First up was Skeet, under the tutelage of the Skeet Doctor himself, Allen Warren. In the driving rain and howling winds, it swiftly became apparent that one of our number was significantly better than the rest of us. We all knew Tim's son is an accomplished Skeet shot, and it became clear that Tim had been learning right along with him. Wearing his game-shooting heritage on his sleeve as he shot with his AYA side by side, he hit considerably more than he missed.
This was not true for me. Despite using the most suitable of hardware, a Beretta Silver Pigeon I Sporting, I found it very, very difficult. Jack shot considerably better than me, and better than he expected, with his Beretta 690 I. The first thing you notice is the odd blend of predictability and randomness. You know where the clay is coming from, but you don't know when.
Skeet is shot from seven positions laid out in a semicircle between two towers, with an eighth position directly between the two positions. When standing in the middle position on the semicircle, the 'High house' to your left launches a clay from 10 feet above the ground. The one to your right is the 'Low house', housing a trap three feet from the ground. When you call for a clay, a big red light lets you know a clay is coming, and after a randomised delay of up to three seconds it launches. Or in the case of a pair, they both do, and at serious (in my case, unhittable) velocity.
A three second delay felt like an eternity. Sometime a clay launches the instant you call it, which felt shocking almost to the point of rudeness. You are supposed to shoot the pairs in a specified order, but they come at you so quickly you don't have time to think and I tended to shoot whichever one I saw first. Probably my best shot of the day counted for nought. While standing beneath the High house, I dusted the clay launched from the low tower directly opposite the instant I saw it, only to be told I was supposed to shoot the high clay first, which I hadn't even noticed.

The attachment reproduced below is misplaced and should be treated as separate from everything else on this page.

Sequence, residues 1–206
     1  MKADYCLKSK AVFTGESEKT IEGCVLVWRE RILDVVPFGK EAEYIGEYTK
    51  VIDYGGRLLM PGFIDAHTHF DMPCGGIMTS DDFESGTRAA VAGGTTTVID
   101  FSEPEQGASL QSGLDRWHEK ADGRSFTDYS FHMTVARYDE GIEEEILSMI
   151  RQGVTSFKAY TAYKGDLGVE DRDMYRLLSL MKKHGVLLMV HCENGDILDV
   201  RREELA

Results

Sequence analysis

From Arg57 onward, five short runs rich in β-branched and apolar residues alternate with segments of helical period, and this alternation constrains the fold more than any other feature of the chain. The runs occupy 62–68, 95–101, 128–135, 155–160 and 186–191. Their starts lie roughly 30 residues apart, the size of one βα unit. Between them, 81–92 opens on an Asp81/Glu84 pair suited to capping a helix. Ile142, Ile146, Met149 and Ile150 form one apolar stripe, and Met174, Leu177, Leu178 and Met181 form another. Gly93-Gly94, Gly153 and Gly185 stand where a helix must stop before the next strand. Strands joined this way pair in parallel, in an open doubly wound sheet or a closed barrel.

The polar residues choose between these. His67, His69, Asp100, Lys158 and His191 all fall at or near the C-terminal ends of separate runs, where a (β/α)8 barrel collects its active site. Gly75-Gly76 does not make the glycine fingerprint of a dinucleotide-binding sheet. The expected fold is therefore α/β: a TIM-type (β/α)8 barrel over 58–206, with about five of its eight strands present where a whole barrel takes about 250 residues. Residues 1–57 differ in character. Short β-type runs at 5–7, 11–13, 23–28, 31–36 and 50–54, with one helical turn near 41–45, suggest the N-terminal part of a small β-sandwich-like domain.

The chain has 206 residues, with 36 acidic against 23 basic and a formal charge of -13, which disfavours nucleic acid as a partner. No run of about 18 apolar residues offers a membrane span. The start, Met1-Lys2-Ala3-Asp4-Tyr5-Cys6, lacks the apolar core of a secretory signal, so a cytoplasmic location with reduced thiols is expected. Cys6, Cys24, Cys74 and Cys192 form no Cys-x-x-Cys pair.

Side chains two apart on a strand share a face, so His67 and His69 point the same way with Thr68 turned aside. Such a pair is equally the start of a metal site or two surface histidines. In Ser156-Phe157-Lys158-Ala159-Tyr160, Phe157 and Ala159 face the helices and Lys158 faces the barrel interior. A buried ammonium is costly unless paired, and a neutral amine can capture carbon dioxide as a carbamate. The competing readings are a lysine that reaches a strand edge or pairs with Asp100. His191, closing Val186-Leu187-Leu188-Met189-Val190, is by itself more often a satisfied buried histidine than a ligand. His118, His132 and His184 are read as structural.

Allen's advice to me centred on consistency in mounting the shotgun, which along with rapid reactions, seemed to be at the heart of Skeet shooting success. It came as no surprise to learn that skeet was developed by grouse shooters in North America, and the relentless emphasis on consistency had clear advantages for the game shooter. Tim said he had certainly noticed an improvement in his game shooting since joining his son on the Skeet ranges.
After a brief hiatus in the club house to dry out and warm up, it was time for Trap shooting with Anita. The first and most welcome revelation: Trap shooting is shot from under a canopy. Outside our little shelter however the storm continued unabated. Clays launched from 15 traps housed in a trench in front of us, and they rose and dipped in the raging winds. Olympic Trap is shot from five stations, with a computer randomly sending one clay either straight ahead or at an angle of up to 45˚ to the left or right. The traps are voice-activated, which takes some getting used to. Try to ask for advice while standing on-station and the traps will start launching clays. All of us game shooters called for our clays with a traditional "PULL!", but Anita and Allen triggered the microphone with an audible sigh. The attention to such details shows the importance of relaxation in Trap shooting. The Skeet was fast and frenetic, but the Trap took on an almost meditative quality while preparing to call for a clay. We all shot with a Beretta 692 with a 32" barrel, which felt like a serious piece of kit to those of us accustomed to light 16-gauge game guns but was ideal for the smooth handling required of a Trap gun.
This was a totally new discipline to all of us, and where I found speed was the x-factor on the Skeet, here it was range and composure. Anita talked about the value of breathing and stance in dropping tension from the body whilst maintaining a solid platform from which to shoot. Lessons that have obvious cross-over for the game shot.
As our time with our gold-standard coaches at Nuthampstead came to a close, we drew our conclusions. Tim was already a decent Skeet shot. Jack showed some serious potential. I was writing the story so could edit my performance later. And there were clearly lessons game shooters could learn from Olympic shooting. The magic is in the repetition. By doing the same action over and over you precisely identify your flaws and you fix them, while the competition keeps it fun and interesting. I would recommend a session on the Skeet and Trap ranges to anyone wanting to improve their game shooting, and maybe add a competitive edge to their clay habit.
This article originally appeared in the Spring issue of My Countryside magazine.
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Photos are Credited to Simon Finlay